When editor in chief Tom Robotham first dreamed up the idea of a Port Folio Weekly music series as part of the Virginia Arts Festival, his idea was to spotlight musicians whose work went beyond the boundaries established by music marketers, and to put on a set of concerts that exposed artists deserving of wider recognition.
As the series enters its third year, it has become a much anticipated festival-within-a-festival. Once again this year’s lineup covers a broad swath, with the primary common denominator being the performers’ willingness to work outside the box and forge their own pathways.
Jazz pianist Jacky Terrasson certainly embodies that spirit. Initially hailed as one of the “young lions” of the straightahead jazz scene after he won the Thelonious Monk competition in 1993, his subsequent recordings showed him to be an adventurous musician bent on turning the tried-and-true inside out while adding his own quirky compositional touch to the mix.
If you go to his official website, you’ll discover that it is in French. Unlike the long list of jazzmen and women who are appreciated more in Europe and Asia than in their native USA, Terrasson is actually a native of France. The Norfolk show with bassist Ugonna Ukegwo and drummer Leon Parker is one of his few American appearances this year. It will be unlike any other piano trio performance you’re likely to see.
At first blush, you might think Cheryl Bentyne is not daring enough to fit into an “outside the box” series. But, as one-fourth of the exploratory vocal group, Manhattan Transfer, she has wrapped her pretty vocal cords around an audacious range of material. The group has been around so long, their boundary busting catalog may be taken for granted by now. But they’ve roamed far and wide, from bebop vocalese to standards to R&B, doo-wop, fusion, Brazilian, children’s music and nostalgic reworkings of the greats of old.
Bentyne’s solo discography includes the recent concept album, Book of Love, a tribute to jazz chanteuse Anita O’Day, and her impeccable journey through the Great American Songbook, Talk of the Town. She is one of the finest singers of her generation, a delightful entertainer and a playful interpreter with an impressive vocal range and feel for the songs she sings.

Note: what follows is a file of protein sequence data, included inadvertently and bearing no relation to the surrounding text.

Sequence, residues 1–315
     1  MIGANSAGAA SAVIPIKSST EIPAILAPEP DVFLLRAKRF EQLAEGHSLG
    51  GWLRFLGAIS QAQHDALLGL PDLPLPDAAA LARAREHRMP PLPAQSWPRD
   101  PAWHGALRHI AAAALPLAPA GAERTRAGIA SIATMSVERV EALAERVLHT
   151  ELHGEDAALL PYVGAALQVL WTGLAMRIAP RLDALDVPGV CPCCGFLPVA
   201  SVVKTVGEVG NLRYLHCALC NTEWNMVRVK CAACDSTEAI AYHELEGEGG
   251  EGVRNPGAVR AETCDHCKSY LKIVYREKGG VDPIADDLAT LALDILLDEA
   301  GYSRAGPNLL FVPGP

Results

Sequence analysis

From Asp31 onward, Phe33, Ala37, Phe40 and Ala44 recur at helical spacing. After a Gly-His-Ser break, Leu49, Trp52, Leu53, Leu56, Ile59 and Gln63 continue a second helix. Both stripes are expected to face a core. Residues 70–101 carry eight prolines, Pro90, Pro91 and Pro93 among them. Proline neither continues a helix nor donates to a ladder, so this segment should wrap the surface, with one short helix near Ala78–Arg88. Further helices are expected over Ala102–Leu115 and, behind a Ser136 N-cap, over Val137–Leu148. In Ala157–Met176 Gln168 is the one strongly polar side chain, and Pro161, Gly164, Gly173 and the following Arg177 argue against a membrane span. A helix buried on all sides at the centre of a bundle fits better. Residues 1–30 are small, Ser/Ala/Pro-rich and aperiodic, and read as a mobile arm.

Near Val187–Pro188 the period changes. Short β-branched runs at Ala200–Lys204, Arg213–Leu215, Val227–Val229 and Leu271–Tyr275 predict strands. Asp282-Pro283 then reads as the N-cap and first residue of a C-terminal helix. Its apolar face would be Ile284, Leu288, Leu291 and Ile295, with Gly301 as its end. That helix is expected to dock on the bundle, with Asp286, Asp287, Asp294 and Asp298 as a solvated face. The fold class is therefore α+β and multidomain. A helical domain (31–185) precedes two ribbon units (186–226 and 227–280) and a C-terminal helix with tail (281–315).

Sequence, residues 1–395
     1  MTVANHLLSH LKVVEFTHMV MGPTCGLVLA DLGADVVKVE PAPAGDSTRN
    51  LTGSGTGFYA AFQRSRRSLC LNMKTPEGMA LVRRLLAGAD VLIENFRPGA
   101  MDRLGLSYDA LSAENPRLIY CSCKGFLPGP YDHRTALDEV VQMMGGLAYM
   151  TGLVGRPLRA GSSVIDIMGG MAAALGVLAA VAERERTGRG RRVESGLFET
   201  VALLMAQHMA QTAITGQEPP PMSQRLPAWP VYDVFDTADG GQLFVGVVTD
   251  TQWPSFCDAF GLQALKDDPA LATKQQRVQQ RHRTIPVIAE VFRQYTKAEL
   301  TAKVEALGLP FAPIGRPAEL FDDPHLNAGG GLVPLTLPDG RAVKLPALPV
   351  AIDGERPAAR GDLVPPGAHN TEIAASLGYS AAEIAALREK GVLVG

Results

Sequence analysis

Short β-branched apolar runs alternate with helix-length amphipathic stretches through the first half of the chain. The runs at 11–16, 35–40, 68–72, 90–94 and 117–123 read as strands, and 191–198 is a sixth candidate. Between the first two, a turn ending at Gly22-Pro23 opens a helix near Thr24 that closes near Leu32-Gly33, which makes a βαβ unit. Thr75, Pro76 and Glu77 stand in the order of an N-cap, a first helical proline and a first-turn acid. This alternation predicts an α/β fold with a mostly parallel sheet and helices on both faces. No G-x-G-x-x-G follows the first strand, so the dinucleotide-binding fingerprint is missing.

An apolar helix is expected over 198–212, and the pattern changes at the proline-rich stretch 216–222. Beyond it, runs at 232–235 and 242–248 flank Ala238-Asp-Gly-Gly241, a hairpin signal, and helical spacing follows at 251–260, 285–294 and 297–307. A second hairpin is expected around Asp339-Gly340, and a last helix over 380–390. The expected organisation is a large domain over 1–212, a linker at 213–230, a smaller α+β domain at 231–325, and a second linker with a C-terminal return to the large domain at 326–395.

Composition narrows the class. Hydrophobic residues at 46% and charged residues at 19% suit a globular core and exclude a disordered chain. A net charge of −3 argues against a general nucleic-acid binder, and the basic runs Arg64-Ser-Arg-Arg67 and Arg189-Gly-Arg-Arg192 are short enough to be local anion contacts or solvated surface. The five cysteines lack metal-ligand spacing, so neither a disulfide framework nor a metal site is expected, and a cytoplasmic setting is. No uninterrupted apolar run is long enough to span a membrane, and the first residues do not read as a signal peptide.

Fairport Convention pretty much invented British folk-rock. Inspired by American progenitors like Dylan and The Byrds, the original lineup built on that foundation by incorporating traditional songs and styles native to the British Isles, inflaming them with the excitement and electricity of ‘60s rock, and capping the whole package off with rich Anglo harmonies.
As part of the band’s fortieth anniversary celebration, founding member Simon Nicol is leading a drummerless acoustic version of the group on an American tour that will stop at the Granby Theater for this year’s PFW series. Besides Nicol on guitar and vocals, the trio includes violinist Ric Sanders and multi-instrumental whiz/prolific composer Chris Leslie. I saw the band a couple of years ago, and they’ve never sounded better.
Though they’ve usually been lumped into the “folk” file in record stores, The Roches’ unique songs and distinctive vocal blend have defied categorization from the beginning. The three sisters—Maggie, Suzzy and Terre—sang together growing up in New York City in the late ‘50s and ‘60s. In a recording career stretching back nearly thirty years, the threesome has touched many bases, and their idiosyncratic songs about everyday life have left many in stitches, others just scratching their heads in amazed wonderment.
Though they’ve been worshipped with cult-like adoration by those who have heard them, they’ve never gotten sufficient exposure to cross over to popular success. They just don’t fit neatly into anyone’s box. With Moonswept, their first new album in twelve years, just released, the girls are once again hitting the road together to share their stories of love and life with good humor and sweet harmonies.
The Port Folio Weekly Music Series:
Wednesday, April 25 – Jacky Terrasson
Wednesday, May 2 – Cheryl Bentyne
Wednesday, May 23 – Fairport Convention
Wednesday, May 30 – The Roches
copyright © 2007 Jim Newsom. All Rights Reserved. Used by Permission.